Pass or Fail
A decade ago, attention-grabbing headlines about how football and cheerleading came before academics in Texas high schools nagged at educators across the state.
To combat the image problem, then Gov. Mark White appointed scrappy businessman Ross Perot to develop a school reform plan that would put an end to the damning news stories—including the ones about Texas high school and college graduates who couldn’t read or decipher a bank statement. In 1984, Perot issued a slate of tough, no-nonsense proposals; topping the list was the state’s now well-known “no pass, no play” plan. The reform package also included the Texas Assessment of Academic Skills. Policymakers believed that a graduation exam would weed out students who had dawdled through the state’s lackluster schools without learning much.
Texas was by no means the only state grappling with such concerns. Now, a decade after the Perot reform plan, 20 states have exit exams for their high school students. In Louisiana this year, more than 1,500 students were denied diplomas after 12 years of public schooling because they couldn’t pass that state’s test. In Ohio, where the U.S. Education Department is reviewing the graduation exam, 3,200 seniors did not graduate because of low test scores.
But in many states, including Texas, the graduation test has become more than an insurance policy against illiteracy. Policymakers have grafted the test onto a host of new reforms aimed at raising standards and ensuring accountability. Beginning this year, for example, Texas students will receive an individual learning index that shows what percentage of the state’s academic expectations they have met—as determined by standardized test scores. What’s more, school accreditation in Texas is now largely based on the test scores of students beginning in the 3rd grade.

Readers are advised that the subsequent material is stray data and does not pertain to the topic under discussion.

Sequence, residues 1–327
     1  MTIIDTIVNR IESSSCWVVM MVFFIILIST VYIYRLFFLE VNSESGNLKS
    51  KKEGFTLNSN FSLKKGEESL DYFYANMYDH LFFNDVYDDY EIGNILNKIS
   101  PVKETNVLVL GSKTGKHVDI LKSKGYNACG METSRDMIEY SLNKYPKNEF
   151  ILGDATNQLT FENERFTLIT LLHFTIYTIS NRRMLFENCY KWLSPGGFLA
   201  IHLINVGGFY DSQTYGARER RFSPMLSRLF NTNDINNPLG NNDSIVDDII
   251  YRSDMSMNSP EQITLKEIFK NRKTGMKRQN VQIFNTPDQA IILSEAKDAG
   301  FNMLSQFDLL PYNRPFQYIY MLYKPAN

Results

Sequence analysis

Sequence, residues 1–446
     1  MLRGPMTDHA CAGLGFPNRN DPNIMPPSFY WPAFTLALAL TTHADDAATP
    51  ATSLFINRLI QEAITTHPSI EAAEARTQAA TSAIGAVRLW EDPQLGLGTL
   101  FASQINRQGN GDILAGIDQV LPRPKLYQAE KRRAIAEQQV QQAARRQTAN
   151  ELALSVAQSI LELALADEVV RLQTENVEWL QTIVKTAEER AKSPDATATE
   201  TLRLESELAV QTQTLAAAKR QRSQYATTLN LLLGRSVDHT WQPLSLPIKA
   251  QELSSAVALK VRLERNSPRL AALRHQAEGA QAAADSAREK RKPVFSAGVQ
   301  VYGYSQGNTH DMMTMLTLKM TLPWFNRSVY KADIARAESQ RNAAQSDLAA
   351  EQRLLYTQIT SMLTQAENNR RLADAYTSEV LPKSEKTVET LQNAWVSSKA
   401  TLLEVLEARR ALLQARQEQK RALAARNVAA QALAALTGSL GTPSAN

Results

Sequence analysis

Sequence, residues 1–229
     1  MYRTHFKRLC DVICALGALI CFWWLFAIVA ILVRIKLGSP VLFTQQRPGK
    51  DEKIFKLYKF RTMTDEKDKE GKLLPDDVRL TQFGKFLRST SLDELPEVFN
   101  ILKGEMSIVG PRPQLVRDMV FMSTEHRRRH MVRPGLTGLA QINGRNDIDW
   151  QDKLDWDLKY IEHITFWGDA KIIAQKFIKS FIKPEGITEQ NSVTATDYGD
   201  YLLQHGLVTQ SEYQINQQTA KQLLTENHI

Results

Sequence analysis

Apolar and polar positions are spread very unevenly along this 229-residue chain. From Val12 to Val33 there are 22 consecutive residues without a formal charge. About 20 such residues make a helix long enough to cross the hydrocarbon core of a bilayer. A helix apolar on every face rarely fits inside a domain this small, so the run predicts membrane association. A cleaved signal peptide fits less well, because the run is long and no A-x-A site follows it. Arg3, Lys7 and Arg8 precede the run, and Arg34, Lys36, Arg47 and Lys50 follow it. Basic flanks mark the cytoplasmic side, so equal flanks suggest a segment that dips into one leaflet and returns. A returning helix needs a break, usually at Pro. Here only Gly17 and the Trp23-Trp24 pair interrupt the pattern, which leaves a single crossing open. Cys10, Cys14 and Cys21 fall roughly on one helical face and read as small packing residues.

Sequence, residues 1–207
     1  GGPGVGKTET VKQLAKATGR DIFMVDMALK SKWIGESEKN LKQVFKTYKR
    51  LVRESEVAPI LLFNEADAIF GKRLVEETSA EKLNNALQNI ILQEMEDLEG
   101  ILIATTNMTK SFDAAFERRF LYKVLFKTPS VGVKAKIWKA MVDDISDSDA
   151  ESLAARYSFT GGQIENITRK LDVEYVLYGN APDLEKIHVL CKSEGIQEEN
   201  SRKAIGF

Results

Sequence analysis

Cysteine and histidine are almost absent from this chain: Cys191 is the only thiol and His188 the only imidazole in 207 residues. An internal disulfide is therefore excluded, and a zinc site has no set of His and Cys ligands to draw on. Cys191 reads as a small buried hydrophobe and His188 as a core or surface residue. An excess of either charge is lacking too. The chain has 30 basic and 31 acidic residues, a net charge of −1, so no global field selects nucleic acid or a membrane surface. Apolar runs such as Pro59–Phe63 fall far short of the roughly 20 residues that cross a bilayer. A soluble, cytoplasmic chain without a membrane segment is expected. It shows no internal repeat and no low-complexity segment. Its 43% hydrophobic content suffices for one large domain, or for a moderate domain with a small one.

State officials say the new standards—including the exit test and more rigorous course requirements—place a higher premium on learning and improvement and force the state’s schools to boost their expectations. “This is not intended to lay blame on students, not solely,” says Della May Moore, a spokeswoman for the Texas Education Agency. “It is important that we set standards and let the professionals who are closest to the students decide how to reach them and how to teach.”
Yet many local educators are far from certain that the current graduation test is the best way to sort out which students deserve diplomas. “We ought to be accountable,” agrees John Horn, superintendent of the 28,000-student Mesquite Independent School District. “But too many people have this belief that they can put their faith in numbers, and this testing program has become almost a runaway train in the nation.”
Horn fears an altogether different trend. “There is a diminishing value being placed on the authority of teachers to assess student learning,” the superintendent says. “We are placing confidence in a test that is probably not very well-founded. It’s one thing to say this is the problem. It’s another thing to find the best solution. What you want to get is excellence, not compliance.”
Vol. 06, Issue 01, Page 34